Father Pitt

Why should the beautiful die?

The P. W. Hamilton Apartments on Bailey Avenue

312–318 Bailey Avenue

If you walk along Bailey Avenue on Mount Washington (a pleasant walk, by the way), you may notice some similar-looking apartment buildings scattered along the south side of the street. The double duplex above is one of them; we see it head on below.


You might also notice a distinctive ornament at the peak of the roofline:


Old Pa Pitt noticed it and made a not-too-outrageous guess that it was the initial of the owner. That turns out to be correct. These buildings were all owned by P. W. Hamilton, as we see on a 1923 plat map:

P. W. Hamilton Apts. on a plat map

Here are two of them a few doors apart—the one we saw above, and this one:

292–298 Bailey Avenue

These buildings have recently had a lot of spiffing up, and they look like very attractive places to live.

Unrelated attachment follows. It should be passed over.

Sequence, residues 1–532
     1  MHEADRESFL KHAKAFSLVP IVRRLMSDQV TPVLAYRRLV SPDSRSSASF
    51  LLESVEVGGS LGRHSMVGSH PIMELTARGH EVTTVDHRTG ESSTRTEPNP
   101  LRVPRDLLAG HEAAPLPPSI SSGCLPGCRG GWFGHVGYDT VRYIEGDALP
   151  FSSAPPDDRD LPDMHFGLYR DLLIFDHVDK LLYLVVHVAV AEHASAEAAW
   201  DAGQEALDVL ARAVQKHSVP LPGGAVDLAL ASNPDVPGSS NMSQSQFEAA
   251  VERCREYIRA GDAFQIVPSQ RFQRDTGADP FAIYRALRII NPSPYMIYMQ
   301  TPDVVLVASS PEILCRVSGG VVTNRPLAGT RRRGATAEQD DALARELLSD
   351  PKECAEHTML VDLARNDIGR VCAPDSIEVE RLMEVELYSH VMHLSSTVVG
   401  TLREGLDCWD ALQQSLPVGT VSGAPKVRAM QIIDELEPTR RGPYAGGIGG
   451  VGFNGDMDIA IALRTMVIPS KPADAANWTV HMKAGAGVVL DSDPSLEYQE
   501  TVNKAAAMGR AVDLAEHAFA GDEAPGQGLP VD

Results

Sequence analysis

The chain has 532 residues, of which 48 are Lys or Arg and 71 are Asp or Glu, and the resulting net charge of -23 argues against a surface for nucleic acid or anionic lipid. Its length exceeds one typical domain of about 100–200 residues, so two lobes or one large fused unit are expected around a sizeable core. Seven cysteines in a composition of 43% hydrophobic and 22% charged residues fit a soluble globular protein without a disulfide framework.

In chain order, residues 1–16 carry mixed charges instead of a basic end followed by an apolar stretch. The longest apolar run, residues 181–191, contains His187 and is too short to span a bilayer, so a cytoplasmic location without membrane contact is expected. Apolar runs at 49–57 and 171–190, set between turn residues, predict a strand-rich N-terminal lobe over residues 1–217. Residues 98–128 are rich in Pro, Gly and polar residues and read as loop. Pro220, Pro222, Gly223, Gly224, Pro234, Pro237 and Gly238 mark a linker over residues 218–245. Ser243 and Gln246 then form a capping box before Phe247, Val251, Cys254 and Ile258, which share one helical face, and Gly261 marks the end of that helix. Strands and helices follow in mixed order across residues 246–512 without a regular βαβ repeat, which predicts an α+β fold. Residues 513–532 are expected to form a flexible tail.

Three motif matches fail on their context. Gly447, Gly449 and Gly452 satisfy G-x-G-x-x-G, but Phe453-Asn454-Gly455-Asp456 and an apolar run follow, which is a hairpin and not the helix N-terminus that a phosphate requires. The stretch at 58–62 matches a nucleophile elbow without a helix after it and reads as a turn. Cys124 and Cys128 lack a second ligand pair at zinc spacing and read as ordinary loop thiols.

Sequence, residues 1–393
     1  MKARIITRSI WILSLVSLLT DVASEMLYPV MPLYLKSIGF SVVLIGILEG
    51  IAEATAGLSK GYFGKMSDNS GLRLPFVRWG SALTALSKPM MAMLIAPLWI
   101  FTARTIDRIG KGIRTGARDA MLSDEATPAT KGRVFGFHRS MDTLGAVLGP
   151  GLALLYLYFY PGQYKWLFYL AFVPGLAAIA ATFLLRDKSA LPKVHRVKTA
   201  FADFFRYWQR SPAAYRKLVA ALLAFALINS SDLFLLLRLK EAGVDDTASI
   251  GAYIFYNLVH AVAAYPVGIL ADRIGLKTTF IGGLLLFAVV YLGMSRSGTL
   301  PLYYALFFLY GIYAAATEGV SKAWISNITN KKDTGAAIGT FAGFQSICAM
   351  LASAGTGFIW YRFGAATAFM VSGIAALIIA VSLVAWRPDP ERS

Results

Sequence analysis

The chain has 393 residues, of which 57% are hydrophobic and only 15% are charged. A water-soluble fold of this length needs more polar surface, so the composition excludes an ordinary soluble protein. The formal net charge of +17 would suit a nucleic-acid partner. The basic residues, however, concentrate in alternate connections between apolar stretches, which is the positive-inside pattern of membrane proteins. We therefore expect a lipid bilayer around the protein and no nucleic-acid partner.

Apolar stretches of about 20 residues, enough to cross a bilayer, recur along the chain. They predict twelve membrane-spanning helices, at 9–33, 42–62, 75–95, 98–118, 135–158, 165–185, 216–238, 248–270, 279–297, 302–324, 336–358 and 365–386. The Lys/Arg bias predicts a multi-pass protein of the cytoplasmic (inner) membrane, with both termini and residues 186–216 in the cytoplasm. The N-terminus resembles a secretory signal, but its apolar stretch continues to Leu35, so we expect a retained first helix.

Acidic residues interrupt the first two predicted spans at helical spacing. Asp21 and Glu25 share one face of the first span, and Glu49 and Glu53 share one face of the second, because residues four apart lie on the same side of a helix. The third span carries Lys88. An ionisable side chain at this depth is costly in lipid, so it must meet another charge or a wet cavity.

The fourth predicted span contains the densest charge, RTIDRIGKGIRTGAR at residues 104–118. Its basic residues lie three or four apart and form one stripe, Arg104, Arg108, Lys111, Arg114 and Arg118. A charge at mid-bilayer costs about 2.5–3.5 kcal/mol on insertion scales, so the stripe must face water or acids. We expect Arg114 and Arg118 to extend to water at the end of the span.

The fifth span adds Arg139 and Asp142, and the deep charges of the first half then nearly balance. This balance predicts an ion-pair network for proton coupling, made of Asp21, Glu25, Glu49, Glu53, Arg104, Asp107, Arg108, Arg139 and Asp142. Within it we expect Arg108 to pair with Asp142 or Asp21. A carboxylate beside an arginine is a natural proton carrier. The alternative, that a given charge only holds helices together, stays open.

Open doors and stairways

With these two doors open, we can see how, as is usual with Pittsburgh duplexes, the doors to the upstairs units lead straight to a stairway.

There are three of these double duplexes, all the same design. Then, as we come to the eastern end of the street, opposite Grandview Park, we find the same design on a larger scale:

446–460 Bailey Avenue

It’s a double double duplex.

Wreath ornament

The H ornament is not here; instead we get little lunettes, one of them blank and one with a wreath ornament. But the building was owned by P. W. Hamilton, and its outline on the plat map shows how it is made by smashing two of the double duplexes together.

P. W. Hamilton apartments on a plat map

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